It was interesting to learn that Cruella has a history with who we now know as the Author. What can we expect from that relationship, and did she know who he was, at the time?
SMURFIT: You’ll find out that Cruella, though she’s part of the trio of evil and the Queens of Darkness, she’s had her own agenda that will finally come out. You’ll learn what she’s been looking for. At times, you think that she’s along for the ride, and you wonder what she wants and what her powers are. Obviously, she can control the animals with her appalling green stinky breath. And from that point on, we’re going to unravel why she’s been there and what her secret plan has been. In the process of getting what she wants, she’s kidnapping people. Pongo is in the mix. He’s definitely her main henchman. With her derringer and her Pongo, she’s got it all covered. It’s much more about Cruella and what the Author has over her, and it’s super intense.
Will this episode also give a clear indication of what her happy ending would be?
SMURFIT: Yes, you’re going to find that out, and it’s satisfying, which is nice. It’s a satisfying episode, where you’ll learn things that you maybe didn’t even think about asking. It’s that complicated, but in a really good, clear way. She’s a sociopath, really. She’s a glorious, bedazzling sociopath, and I love her.
Do you see her as someone who is more of a lone wolf, who’s really out for herself and her own happy ending, or do you think she would like to have an ally?
SMURFIT: I don’t know if she would ever truly trust somebody. I think there was probably a time where she would have liked to think she could. But, sociopaths tend to be lone wolves who are on the track of what they want. She’s played the slow game, up until now. In one of the episodes when they first arrived in Storybrooke, Cruella turned to Rumple and said, “What now, dahling?” And he said, “Make friends,” which is exactly what Cruella has been doing. Adam and Eddy were very good about giving me an awful lot of fantastic sassy lines, so when the evil comes out, she always has a quip for somebody. She is dangerous, and you’re certainly going to find out just how strong and powerful she is.
With so many different types of villains on this show, is there another villain that she would be most afraid of crossing?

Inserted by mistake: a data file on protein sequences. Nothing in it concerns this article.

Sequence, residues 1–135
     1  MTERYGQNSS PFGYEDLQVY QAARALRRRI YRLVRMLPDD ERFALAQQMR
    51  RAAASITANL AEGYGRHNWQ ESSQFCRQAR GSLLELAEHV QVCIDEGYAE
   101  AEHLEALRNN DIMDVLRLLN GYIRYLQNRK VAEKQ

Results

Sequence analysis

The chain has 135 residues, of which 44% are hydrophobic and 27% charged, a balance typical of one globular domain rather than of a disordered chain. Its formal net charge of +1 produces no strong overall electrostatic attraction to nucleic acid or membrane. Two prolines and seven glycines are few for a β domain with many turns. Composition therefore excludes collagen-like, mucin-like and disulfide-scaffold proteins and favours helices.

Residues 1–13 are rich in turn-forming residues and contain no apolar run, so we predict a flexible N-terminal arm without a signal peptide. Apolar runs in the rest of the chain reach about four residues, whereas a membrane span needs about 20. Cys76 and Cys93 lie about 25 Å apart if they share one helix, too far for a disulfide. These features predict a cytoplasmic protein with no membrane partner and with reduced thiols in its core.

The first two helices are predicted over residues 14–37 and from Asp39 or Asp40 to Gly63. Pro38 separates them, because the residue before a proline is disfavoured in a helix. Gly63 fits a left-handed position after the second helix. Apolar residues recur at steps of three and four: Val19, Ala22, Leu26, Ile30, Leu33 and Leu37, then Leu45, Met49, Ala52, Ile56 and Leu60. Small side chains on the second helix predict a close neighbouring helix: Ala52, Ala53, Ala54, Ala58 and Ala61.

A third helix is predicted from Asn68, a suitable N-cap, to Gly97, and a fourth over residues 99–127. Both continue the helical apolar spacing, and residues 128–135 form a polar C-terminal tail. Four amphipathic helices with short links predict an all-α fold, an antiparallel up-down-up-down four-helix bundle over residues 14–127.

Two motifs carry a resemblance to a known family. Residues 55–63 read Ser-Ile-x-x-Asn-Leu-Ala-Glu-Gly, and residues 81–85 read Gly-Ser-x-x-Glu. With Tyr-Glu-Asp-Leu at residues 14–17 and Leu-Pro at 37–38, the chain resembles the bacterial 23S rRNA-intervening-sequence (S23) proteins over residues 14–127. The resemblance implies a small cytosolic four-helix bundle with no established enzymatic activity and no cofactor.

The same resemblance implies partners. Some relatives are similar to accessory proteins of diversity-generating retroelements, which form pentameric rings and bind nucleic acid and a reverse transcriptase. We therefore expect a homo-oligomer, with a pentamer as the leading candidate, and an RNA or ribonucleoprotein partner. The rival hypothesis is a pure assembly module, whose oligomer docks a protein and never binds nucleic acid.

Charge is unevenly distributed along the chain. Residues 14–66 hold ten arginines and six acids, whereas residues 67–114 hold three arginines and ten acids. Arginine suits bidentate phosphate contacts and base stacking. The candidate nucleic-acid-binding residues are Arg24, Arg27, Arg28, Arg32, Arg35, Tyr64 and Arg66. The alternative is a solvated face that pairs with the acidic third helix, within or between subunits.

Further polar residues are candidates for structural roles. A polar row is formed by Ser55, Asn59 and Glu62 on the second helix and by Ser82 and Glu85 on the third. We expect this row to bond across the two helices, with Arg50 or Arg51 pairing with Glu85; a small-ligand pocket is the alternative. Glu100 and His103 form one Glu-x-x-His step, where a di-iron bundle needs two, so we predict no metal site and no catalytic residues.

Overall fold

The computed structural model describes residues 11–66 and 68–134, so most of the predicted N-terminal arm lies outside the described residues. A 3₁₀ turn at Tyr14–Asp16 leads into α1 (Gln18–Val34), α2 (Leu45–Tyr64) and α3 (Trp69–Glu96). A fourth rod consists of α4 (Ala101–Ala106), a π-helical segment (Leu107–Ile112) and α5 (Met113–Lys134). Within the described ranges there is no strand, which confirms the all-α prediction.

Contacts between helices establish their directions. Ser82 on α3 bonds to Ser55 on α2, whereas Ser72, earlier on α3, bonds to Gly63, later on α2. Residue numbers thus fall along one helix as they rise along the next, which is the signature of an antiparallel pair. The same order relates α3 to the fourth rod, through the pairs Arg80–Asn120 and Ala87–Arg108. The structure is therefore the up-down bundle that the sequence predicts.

SMURFIT: Yes, absolutely! She would never cross Rumple. She would never mess with him. For me, he is the King of Evil. He is the perfect man. He is the all-seeing, all-doing. She does, at times, give him a bit of a jab in the side about being in love with that little wench Belle. But for me, he is the big dog. And the Author has a serious hold over her.
You’ve had fabulous fashion on this show, whether it’s the iconic Cruella look or the 1920s clothes. What’s it like to get to wear the costumes, and how was it to see yourself as Cruella?
SMURFIT: Oh, it was fantastic! The show shoots in Vancouver. I was coming down the elevator about two weeks in, and there was this fellow in the lift. I was just chatting with him, the way that I do, and he turned to me and went, “Are you Victoria?” I said, “Yes.” And he went, “I’m Eddy!” He said he’d been watching me on dailies for two weeks and didn’t recognize me, in real life. I took it from that, that once the gear goes on, it’s a metamorphosis, that’s for sure. As the face goes on, there’s a moment where you’re make-up is on and in you’re in the skull cap, but the wig hasn’t gone on and you’re still in your track suit bottoms or sweatpants, and it’s completely surreal. But then, once all the extraordinary departments have finished what they do so extraordinarily, you can’t help but be fabulous.
Once Upon A Time airs on Sunday nights on ABC, and you can find out more about the show at www.abc.go.com/shows/once-upon-a-time.